Is Australia's residential property market in a price bubble? This question has been much debated over recent years as housing prices leaped then slowly receded, resulting in entrenched views on both sides. Certainly, mainstream opinion is opposed to the idea that a housing bubble exists, with the government, FIRE sector (finance, insurance and real estate), and much of academia claiming that prices are linked to fundamentals or intrinsic value.
It helps to have a sound fix on what an asset bubble is when exploring this matter. Otherwise, it becomes like pornography: you can't define it exactly, but you know it when you see it. A good starting point is the work of the late US post-Keynesian economist Hyman Minsky. His contrarian work revolved around developing a realistic model of how financial markets interacted with asset prices. This theory was called the 'financial instability hypothesis', arguing that financial markets continually misallocate substantial amounts of credit into asset markets, creating Ponzi (pyramid) schemes.
Minsky defined three phases of finance: hedge, speculative and Ponzi. With hedge financing, income flows from an asset are sufficient to pay down both principal and interest on the debt used to finance the asset purchase, and prices are based upon intrinsic value. Speculative financing results in income flows covering only interest repayments, not principal, requiring debt to be continually rolled over. Investors may experience financial stress, but it is not widespread and fundamentals valuations are kept largely in check.
The terminal phase occurs with Ponzi finance, as income flows cover neither principal nor interest repayments (including running expenses in the case of rental property). Investors rely solely on escalating capital values in order to realise substantial capital gains at sale to pay down the cost of debt and balance their income losses. Asset prices are completely delinked from fundamental valuations at this stage. Investors rely upon 'greater fools' to maintain positive price momentum, resulting in a bubble. Once there are no more investors willing to take upon staggering amounts of debt to finance asset purchases, prices stagnate then collapse, as the market finally realises that prices are based upon a pyramid scheme, not fundamentals.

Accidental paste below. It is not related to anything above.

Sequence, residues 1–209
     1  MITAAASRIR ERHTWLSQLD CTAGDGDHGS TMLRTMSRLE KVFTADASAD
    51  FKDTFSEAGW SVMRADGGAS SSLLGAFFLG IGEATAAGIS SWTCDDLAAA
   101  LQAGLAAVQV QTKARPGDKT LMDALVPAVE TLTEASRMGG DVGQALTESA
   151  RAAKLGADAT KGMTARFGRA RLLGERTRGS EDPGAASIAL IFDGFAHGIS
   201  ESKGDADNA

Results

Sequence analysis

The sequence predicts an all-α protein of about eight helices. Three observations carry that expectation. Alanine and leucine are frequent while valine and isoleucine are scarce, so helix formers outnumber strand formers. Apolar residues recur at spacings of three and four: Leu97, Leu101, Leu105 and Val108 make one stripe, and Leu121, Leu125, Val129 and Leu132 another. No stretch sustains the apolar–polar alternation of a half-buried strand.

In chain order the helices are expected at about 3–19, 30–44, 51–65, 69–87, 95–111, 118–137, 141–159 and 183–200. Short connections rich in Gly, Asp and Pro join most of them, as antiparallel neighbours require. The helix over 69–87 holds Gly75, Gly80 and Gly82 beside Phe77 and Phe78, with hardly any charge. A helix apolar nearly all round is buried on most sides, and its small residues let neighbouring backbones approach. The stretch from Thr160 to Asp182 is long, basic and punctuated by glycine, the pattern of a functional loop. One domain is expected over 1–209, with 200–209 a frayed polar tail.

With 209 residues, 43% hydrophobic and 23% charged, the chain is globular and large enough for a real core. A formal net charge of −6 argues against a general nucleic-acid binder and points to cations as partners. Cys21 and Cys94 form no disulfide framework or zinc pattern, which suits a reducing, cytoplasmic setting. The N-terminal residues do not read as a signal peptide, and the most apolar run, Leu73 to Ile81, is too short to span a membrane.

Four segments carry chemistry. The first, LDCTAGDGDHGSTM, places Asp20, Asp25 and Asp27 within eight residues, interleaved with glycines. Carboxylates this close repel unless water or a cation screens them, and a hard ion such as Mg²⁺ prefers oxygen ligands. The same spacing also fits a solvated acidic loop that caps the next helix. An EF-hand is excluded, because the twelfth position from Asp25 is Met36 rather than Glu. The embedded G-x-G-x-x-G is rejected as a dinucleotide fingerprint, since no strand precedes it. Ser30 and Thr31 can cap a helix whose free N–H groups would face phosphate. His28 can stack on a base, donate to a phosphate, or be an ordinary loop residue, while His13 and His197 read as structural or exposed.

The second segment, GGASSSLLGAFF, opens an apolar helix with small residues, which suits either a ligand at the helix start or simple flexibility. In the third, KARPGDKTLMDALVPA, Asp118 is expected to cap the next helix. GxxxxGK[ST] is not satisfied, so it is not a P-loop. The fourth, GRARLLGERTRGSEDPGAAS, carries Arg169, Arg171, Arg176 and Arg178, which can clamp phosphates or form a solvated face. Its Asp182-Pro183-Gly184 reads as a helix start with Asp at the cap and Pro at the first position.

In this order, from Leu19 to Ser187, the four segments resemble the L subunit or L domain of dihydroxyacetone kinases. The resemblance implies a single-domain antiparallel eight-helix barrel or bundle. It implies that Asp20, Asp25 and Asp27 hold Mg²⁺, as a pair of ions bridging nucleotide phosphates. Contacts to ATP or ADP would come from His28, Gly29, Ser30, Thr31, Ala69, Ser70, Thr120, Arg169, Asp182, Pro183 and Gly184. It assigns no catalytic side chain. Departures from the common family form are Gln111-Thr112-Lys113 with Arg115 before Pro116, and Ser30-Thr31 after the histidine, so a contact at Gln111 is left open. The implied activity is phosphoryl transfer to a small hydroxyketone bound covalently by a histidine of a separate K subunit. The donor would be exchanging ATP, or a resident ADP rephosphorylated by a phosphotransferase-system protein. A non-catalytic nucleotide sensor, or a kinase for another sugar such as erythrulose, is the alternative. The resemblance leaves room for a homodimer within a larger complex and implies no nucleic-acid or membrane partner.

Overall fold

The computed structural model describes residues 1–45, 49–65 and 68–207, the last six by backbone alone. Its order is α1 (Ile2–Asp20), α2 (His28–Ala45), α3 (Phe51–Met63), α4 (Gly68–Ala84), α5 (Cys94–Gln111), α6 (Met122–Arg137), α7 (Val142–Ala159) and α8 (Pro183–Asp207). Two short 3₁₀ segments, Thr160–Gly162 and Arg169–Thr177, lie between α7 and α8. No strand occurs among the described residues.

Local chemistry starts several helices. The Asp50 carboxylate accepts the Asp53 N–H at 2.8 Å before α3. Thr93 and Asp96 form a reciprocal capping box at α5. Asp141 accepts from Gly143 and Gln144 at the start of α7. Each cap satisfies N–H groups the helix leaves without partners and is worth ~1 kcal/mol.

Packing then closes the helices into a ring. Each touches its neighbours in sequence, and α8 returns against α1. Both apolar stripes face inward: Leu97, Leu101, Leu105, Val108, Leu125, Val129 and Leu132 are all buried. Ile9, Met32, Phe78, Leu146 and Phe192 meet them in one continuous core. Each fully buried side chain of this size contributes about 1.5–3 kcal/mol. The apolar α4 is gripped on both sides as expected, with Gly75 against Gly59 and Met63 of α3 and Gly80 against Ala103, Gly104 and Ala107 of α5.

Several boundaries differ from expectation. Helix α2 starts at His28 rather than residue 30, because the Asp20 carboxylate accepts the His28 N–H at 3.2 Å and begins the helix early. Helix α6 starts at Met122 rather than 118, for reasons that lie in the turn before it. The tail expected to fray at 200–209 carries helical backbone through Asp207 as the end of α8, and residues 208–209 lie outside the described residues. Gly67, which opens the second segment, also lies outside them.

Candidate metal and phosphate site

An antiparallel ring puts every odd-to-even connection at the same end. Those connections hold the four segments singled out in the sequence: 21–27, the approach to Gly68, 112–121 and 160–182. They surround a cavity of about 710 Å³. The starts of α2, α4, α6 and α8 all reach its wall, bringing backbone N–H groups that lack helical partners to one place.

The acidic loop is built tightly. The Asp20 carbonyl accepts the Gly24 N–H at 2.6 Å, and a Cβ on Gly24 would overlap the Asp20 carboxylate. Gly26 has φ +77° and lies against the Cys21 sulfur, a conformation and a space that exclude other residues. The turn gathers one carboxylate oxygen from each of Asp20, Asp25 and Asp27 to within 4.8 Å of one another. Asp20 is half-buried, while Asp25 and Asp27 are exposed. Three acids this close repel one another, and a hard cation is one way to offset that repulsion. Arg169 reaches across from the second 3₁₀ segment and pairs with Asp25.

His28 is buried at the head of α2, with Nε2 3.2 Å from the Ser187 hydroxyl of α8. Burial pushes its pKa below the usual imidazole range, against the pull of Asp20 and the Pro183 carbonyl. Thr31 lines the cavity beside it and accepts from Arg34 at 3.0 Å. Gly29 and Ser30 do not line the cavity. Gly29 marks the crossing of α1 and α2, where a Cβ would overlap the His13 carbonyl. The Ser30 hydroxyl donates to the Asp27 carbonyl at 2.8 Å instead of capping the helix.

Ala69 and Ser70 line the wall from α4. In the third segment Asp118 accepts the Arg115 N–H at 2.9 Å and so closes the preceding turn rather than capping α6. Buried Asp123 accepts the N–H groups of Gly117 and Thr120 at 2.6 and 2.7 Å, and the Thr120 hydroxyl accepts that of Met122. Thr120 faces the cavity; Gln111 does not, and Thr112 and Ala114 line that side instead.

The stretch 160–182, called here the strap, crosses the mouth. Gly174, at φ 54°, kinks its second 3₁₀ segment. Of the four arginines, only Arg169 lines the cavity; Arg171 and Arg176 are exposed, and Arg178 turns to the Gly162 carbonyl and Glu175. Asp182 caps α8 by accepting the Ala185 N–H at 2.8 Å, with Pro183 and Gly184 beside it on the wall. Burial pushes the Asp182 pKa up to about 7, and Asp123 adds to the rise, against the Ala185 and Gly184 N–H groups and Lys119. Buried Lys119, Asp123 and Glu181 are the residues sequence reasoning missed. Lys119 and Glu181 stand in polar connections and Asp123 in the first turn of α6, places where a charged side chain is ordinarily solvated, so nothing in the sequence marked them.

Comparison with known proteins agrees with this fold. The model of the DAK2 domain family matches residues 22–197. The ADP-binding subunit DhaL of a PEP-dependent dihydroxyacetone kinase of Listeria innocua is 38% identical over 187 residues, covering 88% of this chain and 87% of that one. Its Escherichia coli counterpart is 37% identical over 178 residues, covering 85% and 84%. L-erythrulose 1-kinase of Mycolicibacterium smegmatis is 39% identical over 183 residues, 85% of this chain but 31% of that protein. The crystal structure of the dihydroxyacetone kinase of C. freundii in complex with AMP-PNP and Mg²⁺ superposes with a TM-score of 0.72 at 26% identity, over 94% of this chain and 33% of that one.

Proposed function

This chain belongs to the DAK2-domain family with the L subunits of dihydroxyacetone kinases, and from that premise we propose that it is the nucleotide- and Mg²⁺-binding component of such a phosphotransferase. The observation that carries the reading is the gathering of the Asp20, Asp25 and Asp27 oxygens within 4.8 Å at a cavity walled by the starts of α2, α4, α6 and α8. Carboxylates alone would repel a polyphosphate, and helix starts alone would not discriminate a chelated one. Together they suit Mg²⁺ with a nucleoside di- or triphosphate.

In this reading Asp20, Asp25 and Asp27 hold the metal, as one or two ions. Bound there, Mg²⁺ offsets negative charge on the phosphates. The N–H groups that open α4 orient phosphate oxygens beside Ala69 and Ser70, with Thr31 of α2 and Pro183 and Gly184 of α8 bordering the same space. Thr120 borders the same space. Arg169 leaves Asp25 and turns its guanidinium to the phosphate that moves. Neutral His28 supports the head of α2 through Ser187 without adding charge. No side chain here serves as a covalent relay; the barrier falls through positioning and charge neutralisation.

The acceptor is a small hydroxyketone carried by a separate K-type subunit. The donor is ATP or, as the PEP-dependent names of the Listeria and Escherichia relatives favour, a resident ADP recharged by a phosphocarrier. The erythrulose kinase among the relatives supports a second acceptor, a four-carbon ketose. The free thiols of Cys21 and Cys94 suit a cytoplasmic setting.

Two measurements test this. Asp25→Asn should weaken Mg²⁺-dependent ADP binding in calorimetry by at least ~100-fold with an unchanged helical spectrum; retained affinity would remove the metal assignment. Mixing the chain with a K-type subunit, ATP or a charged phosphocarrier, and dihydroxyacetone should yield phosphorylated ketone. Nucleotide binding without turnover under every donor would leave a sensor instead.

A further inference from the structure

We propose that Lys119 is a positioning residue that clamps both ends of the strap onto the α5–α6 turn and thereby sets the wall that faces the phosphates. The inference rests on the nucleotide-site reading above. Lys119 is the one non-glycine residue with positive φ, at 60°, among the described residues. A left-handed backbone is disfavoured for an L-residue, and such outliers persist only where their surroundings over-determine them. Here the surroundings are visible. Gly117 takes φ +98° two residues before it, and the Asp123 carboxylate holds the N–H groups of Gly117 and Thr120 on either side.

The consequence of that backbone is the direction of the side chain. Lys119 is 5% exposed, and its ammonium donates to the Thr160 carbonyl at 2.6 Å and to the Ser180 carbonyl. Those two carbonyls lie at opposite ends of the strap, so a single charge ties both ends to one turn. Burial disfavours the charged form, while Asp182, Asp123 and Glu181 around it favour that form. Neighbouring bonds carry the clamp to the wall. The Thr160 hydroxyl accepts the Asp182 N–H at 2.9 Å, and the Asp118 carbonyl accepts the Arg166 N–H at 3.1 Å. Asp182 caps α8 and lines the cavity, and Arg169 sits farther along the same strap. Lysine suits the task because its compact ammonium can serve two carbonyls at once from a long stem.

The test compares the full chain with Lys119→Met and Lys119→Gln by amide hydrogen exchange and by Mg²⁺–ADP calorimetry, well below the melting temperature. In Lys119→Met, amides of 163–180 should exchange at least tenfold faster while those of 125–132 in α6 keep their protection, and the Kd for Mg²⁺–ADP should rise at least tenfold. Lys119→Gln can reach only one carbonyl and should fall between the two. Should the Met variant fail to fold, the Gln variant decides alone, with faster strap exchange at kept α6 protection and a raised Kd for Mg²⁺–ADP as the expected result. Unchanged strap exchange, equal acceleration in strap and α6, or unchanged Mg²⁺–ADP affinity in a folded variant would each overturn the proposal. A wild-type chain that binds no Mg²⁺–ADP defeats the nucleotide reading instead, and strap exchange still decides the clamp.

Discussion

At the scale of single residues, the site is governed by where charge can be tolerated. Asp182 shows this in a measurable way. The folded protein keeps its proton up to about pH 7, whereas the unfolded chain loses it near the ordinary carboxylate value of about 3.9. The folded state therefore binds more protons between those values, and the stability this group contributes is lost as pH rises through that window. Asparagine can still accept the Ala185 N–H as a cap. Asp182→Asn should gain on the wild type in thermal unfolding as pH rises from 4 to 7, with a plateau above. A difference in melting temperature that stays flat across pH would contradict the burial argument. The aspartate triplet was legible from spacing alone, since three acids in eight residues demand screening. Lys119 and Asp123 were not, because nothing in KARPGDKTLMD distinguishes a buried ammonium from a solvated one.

With Minsky's theory, it is possible to determine whether a housing bubble exists. Unfortunately, there is evidence to suggest that Australia's residential property market is experiencing said bubble. Figure 1 shows the long-term trend in housing prices, adjusted for inflation and quality. The 1996-2010 period is the largest single boom on record, rising by approximately 130 per cent.
The latest housing boom provides one piece of the puzzle: rising asset prices. The next aspect to consider is whether investors are running current income losses. Figure 2 indicates that this is indeed the case as aggregate net rental returns are negative, with losses escalating from $1 billion in 2000-01 to $5 billion in 2009-10. Losses peaked at $9 billion in 2007-08 when interest rates were relatively high, though rate cuts during and after the GFC relieved some of the pressure.
There are more than 1.7 million investors with an interest in one or more properties, owning close to two million rental properties. Absolutely and relative to the total housing stock, this is a large sample. If investors are running current income losses of this magnitude, the imputed rents on the stock of owner-occupied housing would bear a similar resemblance, though owner-occupiers treat their properties as security rather than as an investment.
The reason for the sustained net income losses is the combination of rental costs and interest deductions outweighing gross rental income. The ATO does not provide data on principal repayments as they are not deductable against rental income. Accordingly, the rental losses would be larger if these principal repayments were included as they must be funded out of current income. Figure 3 illustrates the growth of aggregate rental costs and interest deductions as a percentage of gross rental income.
Philip Soos is a Master's research student and employed researcher at Deakin University, working his way towards a doctorate in political economy. He specializes in the comparative analysis of domestic and international pharmaceutical research and development systems. Philip also holds MBA and IT degrees from RMIT University and Swinburne University of Technology, respectively.